Admit it, you’ve angrily used the phrase “[Insert artist, song, genre, etc. here] is the death of good music!” before.
Maybe you grew up listening to political, poetic rock 'n' roll on the radio and the idea of electronic dance music dominating the pop music industry right now is your personal version of the day the music died. Or you’re an indie artist and streaming services are making a career in music outrageously difficult, threatening a financially prosperous career in music.
Whoever you may be, I can assure you that you’re not alone. Music is something every person on this planet holds close to their heart, and when something threatens our favorite songs, genres, and ways of listening, we tend to get… defensive.
Forty years ago, you may have taken a stance against the disco craze. Today, in 2016, we're bombarded with headlines and warnings that digital streaming services are the death of the music business. The constant evolution of technology can have a threatening demeanor on existing genres and music as a whole. I'm sure the same people who were angry about music being recorded for the first time would lose their minds over the fact that we now create music with computers.
Can you think of any other times in music history that a death certificate was declared?
1. The invention of the gramophone
The gramophone revolutionized the way we listen to music. Before the gramophone, music was only heard live. This invention necessitated professional musicians; recorded music needed musicians who were both very talented and had incredible stamina. However, there were some who dismissed this incredible technology, as it devalues the integrity of live music and those who perform it; it was a "death" of live music. John Phillip Sousa was among the outraged, though he contributed to recording music.
2. Commercial radio
This death to music was proclaimed by record companies during the 1920s. With the invention of commercial radio, all of a sudden music was broadcast on a large level and listeners could hear the same music they purchased for free. Record companies were not happy. They feared that the radio would kill record sales... and sales did, in fact, decrease after commercial radio made its debut.
3. The disco craze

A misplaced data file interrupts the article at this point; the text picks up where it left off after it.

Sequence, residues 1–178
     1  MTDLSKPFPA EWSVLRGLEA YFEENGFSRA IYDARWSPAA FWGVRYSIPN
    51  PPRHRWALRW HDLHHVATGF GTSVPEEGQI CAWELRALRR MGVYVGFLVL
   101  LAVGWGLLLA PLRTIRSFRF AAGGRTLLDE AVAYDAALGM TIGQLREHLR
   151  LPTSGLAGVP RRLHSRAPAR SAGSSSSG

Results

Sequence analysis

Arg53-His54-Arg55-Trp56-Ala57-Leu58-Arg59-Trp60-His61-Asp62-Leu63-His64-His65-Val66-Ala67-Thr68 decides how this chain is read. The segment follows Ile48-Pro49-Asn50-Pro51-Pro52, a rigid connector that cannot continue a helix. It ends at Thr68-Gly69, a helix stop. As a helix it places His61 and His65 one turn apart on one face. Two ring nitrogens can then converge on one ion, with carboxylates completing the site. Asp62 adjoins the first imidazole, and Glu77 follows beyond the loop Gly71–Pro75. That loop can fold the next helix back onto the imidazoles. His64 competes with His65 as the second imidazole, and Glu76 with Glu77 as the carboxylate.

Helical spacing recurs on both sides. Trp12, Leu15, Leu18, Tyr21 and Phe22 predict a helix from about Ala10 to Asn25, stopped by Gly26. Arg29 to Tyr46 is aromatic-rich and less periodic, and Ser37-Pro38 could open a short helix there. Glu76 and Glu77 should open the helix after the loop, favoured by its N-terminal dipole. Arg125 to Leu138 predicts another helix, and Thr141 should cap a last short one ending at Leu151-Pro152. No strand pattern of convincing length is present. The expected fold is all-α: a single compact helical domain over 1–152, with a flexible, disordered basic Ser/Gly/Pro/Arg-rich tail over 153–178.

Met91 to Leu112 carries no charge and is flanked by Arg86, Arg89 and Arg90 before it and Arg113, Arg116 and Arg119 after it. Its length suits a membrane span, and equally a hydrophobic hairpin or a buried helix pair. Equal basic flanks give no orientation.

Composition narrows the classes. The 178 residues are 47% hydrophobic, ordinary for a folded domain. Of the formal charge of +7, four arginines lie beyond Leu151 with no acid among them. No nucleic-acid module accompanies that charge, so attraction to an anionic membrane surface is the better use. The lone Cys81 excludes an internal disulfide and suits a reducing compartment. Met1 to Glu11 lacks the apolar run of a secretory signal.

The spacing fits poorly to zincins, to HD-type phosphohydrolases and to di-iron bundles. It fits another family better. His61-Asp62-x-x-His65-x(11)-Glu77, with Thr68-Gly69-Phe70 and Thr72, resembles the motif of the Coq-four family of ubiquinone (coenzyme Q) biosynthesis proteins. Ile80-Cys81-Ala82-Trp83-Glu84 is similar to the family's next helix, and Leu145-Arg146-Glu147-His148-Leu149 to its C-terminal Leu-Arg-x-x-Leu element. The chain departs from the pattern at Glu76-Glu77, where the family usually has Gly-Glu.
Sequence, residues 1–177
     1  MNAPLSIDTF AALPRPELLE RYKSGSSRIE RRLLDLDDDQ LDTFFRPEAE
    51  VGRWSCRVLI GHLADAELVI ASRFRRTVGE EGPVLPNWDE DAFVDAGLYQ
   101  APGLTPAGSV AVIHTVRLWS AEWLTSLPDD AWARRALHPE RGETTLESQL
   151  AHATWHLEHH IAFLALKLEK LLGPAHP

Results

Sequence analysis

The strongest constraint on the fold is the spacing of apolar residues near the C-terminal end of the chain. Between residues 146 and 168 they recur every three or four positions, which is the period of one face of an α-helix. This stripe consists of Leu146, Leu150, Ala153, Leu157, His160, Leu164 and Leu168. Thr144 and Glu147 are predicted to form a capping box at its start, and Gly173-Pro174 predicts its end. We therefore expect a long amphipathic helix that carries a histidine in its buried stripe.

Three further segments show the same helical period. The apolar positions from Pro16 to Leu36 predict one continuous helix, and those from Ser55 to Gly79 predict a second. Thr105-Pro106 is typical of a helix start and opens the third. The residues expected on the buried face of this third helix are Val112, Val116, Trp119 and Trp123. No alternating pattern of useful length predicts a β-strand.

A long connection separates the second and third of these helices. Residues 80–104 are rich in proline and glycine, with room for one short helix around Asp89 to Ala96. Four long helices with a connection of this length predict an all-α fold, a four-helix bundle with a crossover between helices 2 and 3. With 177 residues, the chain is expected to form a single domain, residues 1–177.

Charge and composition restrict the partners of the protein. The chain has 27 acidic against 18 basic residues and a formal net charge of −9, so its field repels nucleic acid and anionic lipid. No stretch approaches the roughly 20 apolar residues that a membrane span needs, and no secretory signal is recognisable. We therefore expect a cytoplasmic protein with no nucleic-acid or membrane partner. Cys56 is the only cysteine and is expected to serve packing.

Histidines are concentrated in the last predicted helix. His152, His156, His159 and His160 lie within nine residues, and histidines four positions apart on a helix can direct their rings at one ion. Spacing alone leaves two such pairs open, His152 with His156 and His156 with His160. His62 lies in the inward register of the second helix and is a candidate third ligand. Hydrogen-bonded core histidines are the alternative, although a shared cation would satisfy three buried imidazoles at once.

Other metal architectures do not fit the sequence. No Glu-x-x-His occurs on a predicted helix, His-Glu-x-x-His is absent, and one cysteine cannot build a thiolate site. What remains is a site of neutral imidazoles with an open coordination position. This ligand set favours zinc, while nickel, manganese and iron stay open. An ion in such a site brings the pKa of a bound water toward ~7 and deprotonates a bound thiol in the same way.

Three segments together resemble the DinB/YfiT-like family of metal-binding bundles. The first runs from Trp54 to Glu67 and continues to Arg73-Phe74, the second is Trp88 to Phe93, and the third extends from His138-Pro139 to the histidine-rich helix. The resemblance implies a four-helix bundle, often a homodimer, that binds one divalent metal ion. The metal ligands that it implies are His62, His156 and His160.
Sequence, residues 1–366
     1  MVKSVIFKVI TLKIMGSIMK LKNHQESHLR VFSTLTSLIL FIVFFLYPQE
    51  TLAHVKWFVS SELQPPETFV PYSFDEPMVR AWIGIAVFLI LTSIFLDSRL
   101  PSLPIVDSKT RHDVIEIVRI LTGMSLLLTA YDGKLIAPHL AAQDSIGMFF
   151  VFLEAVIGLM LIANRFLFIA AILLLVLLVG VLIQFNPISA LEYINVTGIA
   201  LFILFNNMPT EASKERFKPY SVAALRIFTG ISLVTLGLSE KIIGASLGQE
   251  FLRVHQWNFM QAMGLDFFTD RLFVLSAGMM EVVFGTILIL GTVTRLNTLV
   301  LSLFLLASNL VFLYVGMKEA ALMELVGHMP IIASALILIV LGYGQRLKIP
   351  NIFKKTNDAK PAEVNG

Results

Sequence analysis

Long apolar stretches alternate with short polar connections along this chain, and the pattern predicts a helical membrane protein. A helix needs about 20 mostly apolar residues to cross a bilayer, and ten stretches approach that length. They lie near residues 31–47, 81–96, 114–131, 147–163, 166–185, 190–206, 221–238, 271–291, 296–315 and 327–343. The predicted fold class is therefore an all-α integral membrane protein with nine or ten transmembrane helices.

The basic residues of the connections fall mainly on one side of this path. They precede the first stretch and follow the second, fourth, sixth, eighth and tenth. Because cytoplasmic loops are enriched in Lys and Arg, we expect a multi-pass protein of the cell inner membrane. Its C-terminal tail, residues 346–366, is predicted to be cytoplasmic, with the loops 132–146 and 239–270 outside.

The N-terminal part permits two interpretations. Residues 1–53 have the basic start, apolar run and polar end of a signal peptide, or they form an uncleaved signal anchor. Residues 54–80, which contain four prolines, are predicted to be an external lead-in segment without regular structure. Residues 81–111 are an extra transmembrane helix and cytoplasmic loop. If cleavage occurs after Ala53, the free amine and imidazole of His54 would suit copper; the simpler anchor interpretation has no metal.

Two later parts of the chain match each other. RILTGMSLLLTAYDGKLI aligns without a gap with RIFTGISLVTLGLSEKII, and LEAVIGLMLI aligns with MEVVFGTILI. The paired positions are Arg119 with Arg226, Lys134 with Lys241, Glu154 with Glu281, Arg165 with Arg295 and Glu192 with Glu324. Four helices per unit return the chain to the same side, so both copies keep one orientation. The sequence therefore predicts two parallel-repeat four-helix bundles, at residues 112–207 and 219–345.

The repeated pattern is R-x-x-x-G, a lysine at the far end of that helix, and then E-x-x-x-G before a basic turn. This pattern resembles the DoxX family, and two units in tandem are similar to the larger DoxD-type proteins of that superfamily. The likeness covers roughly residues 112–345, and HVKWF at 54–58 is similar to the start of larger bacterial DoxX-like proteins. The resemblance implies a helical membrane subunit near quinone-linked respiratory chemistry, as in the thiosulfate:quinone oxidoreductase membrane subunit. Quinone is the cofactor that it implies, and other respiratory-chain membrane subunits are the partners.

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The grooves, technologies, and urbanity of disco transformed from an underground counter-culture to mainstream popular music overnight. Between February of 1974, when the first disco record hit number one on the American popular charts, and the summer of 1975, disco had taken over the music industry. Over 12,000 discos opened across the country, the first 12-inch single appeared commercially, and the Hustle Craze hit the dance floors.
Disco had consumed the music industry, and while many listeners adored the Saturday Night Fever soundtrack, making it the best-selling soundtrack album, others saw the genre as a threat to music performance and poetry. Many rock 'n' roll fans claimed that disco was the destruction of music’s ability to speak to its people. They said it was mechanical and took away from the poetry, and replaced it with glitter, hairspray, cocaine, and an exhausted, monotonous bass pedal.
People saw disco as the death to rock 'n' roll so much so that a whole night was dedicated to setting disco records on fire at Comiskey Park in Chicago.
4. The moment "Video Killed the Radio Star"
This “death” is tamer, but who could ever forget the catchy lyrics of “Video Killed the Radio Star"? While radio was still prominent and popular during this time, the launch of MTV transformed music into a multi-sensory medium. The grand premiere of Music Television was the moment when being just a musician ended; you had to be a performer, too.
5. The takeover of streaming
Here we are today in 2016. Streaming services have taken over the way we listen to and discover music – and certainly how we (don't) purchase it. As technology has evolved and helped the music industry evolve alongside it, the digital age has also had a hand in the downfall. When music is produced, recorded, and distributed digitally, where does analog fit in? Unfortunately, not in many places. Streaming services have killed traditional music sales on a whole different level.
But despite all the past and present negative Nancys in the music industry, we look past the downfalls, haters, and fears to keep moving forward. Not to mention, opinions are not always facts. We should never let harsh critiques prevent us from enjoying and making the music we love.
Yes, there are plenty of people who still hate disco, but that does not mean there weren't great musical styles and inventions that sprouted from the genre. Or, hey, streaming might be a threat to the industry now, but who knows where it will be in 10 years?
Rachel Bresnahan is an editorial intern at Sonicbids.